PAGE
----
Velma A. Walker Collection

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About this collection

Velma Ann Walker, a proud alumnus of Alabama A&M University, bequeathed a diverse art collection - including paintings and prints - to the State Black Archives to assist in further enhancing its mission. This expansive and prized collection includes works by such renown African American artists as Jacob Lawrence, Romare Bearden, Elizabeth Catlett, Benny Andrews, David Driscoll, John Thomas Biggers, Vernette Honeywood, etc. The total collection encompasses more than 170 pieces, currently housed in the State Black Archives at Alabama A&M University.

About Velma A. Walker

Affectionately known as “V”, Velma A. Walker (1940–2007) was born July 8, 1940, to Sherman and Eloise Caison Walker. After very successful elementary and high school days in Birmingham, Alabama, she enrolled at Alabama A&M University.
Walker loved being on “The Hill”, where she majored in Mathematics and minored in Music and Chemistry. She was very active in campus life. She pledged Delta Sigma Theta Sorority, Inc., played in the marching and concert bands, was a budding thespian, and still managed to graduate with honors. Like many who became of age in the 1960s, Walker always stood against injustice and against the horrific treatment of her people—past and present. She was an active participant in the Civil Rights Movement in the 1960s.

After graduation from Alabama A&M University, Walker’s early chosen vocation was that of mathematics teacher and administrator in Detroit, Michigan. However, in the early 1980s, she decided that she had to do something to prepare young students, especially African American students, for the 21st century. Consequently, she went back to school and received an Educational Specialist degree in Instructional Technology and shifted her career to Technology Administrator. She left the mathematics field and, through a series of promotions, became the Director of Technology for Detroit Public Schools. She went on to become the district’s technology representative to the Council of Great City Schools and was soon elected chair of the organization’s Urban Technology Forum. She became nationally known as an expert in technology for all and spoke of that access every time that the opportunity presented itself. Although her chosen vocations were those requiring right-brain activity, her avocation required left-brain activity, for she was an avid and passionate collector of African and African American art. It has been said that, “A visit to V’s house was like a visit to a museum.”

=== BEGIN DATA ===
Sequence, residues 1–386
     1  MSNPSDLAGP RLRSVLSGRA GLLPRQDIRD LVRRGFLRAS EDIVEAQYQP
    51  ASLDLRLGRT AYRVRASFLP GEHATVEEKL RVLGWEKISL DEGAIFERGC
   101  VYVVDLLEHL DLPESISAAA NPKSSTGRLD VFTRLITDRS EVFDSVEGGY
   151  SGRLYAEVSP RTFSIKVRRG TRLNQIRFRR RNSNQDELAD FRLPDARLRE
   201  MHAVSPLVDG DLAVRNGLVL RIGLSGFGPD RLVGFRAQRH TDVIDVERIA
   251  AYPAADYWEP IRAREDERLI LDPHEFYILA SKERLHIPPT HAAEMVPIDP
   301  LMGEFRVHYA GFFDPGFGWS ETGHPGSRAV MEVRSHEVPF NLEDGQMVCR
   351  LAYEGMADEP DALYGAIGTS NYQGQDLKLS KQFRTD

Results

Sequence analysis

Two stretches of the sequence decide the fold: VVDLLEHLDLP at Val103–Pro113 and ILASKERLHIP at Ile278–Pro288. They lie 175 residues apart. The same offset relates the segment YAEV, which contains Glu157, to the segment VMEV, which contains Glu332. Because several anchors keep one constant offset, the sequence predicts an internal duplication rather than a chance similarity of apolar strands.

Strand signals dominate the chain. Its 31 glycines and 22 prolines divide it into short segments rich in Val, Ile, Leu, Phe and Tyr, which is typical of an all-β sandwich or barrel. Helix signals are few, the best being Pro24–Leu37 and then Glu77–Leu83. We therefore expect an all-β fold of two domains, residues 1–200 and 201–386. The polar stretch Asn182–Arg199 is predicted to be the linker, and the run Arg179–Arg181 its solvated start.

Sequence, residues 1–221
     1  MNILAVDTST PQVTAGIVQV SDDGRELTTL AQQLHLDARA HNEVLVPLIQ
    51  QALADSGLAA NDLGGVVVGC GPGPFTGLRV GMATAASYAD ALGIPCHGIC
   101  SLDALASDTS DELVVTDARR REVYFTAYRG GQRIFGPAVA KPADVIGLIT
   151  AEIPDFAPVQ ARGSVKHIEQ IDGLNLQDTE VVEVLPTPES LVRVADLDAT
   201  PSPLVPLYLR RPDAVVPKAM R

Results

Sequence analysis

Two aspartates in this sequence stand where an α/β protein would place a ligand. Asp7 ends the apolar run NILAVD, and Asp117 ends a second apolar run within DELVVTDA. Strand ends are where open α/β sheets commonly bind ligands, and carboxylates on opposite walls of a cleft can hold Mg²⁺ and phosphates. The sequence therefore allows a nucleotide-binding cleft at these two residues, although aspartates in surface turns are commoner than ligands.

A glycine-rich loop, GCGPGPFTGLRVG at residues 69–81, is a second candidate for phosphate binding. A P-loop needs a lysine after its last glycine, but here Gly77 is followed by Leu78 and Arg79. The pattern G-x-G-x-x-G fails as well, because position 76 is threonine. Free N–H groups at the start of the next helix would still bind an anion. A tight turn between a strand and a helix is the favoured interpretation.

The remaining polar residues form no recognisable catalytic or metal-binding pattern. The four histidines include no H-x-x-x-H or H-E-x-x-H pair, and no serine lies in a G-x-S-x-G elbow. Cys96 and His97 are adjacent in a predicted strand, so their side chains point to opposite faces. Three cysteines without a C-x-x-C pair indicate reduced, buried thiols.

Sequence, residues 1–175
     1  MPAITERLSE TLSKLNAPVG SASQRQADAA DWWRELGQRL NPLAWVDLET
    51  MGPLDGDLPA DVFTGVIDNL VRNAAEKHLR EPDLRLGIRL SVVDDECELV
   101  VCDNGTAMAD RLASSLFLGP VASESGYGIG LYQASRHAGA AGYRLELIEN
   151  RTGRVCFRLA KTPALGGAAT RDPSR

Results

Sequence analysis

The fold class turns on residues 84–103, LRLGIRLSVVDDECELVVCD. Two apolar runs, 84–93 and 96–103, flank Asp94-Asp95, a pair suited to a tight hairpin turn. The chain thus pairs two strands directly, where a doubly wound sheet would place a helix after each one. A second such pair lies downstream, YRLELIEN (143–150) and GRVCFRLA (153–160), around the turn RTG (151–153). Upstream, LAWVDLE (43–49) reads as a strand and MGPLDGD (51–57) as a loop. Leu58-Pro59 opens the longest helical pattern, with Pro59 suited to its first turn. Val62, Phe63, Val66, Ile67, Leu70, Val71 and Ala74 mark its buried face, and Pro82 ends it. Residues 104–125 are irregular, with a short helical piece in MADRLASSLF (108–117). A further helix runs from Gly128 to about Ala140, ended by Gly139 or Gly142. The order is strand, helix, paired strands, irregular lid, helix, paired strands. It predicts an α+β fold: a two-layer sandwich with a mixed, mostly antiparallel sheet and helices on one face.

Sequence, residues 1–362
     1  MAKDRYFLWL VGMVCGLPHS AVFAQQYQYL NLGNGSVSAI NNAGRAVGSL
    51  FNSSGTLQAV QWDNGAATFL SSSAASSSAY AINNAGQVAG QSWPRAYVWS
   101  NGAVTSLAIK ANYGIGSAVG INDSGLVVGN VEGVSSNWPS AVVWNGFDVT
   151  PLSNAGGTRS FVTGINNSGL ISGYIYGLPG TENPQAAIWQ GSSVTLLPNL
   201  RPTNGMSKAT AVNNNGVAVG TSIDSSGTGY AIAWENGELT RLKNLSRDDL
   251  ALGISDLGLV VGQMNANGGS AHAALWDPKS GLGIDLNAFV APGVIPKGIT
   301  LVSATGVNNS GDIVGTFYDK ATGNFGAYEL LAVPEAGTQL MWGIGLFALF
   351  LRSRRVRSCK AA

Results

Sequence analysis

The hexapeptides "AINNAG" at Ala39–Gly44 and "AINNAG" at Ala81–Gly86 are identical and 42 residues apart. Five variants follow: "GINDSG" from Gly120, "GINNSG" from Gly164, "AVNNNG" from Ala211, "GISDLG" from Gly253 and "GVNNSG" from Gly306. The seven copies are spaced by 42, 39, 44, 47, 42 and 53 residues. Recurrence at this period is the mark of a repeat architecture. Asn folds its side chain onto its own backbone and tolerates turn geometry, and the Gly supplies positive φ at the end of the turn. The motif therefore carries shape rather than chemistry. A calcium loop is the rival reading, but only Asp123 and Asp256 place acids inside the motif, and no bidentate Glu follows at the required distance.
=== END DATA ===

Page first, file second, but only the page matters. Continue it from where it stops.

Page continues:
But, there was another side to Velma, a side that believed in economic development. She loved to play the stock market. She also believed her sorority should own some great real estate in the City of Detroit. Subsequently, she led the sorority’s effort to build a senior citizen housing facility (Delta Manor) and served as the first and only CEO of the Board of Directors.

Even though Walker earned numerous awards and several degrees, she displayed only the following in her home:
• A framed copy of Mary McLeod Bethune’s “Legacy”
• Her Golden Life plaque from Delta Sigma Theta Sorority, Inc.
• A picture of the first Delta Manor Board of Directors with Mayor Coleman A. Young
• Outstanding Kappan of the Year Award
• Outstanding Technology Leader of the Year Award
• A framed letter from President Bill Clinton

At the end of Walker’s tenure as President of the University of Detroit’s chapter of Phi Delta Kappa, she gave each of her officers a copy of the “Mary McLeod Bethune Legacy.” One of them asked her about when she departed, and she answered: “That I was always proud of my heritage; that I stood tall on the shoulders of my ancestors; that I lived my life treating others as I wanted to be treated; that in my own way, I tried to move my people forward into unity and self-determination, but most of all, that I tried to teach young people how to think.”

What her friends, family, and sorors will remember is that she was a tenacious, well-read individual who loved to talk politics and religion (although she was told to never discuss either), that she was a loyal and dedicated friend and a formidable enemy. She believed in formal as well as informal education (she referred to this as teaching in the manner of Socrates), and had very little patience for “dumb” adults. She believed there was no excuse for ignorance.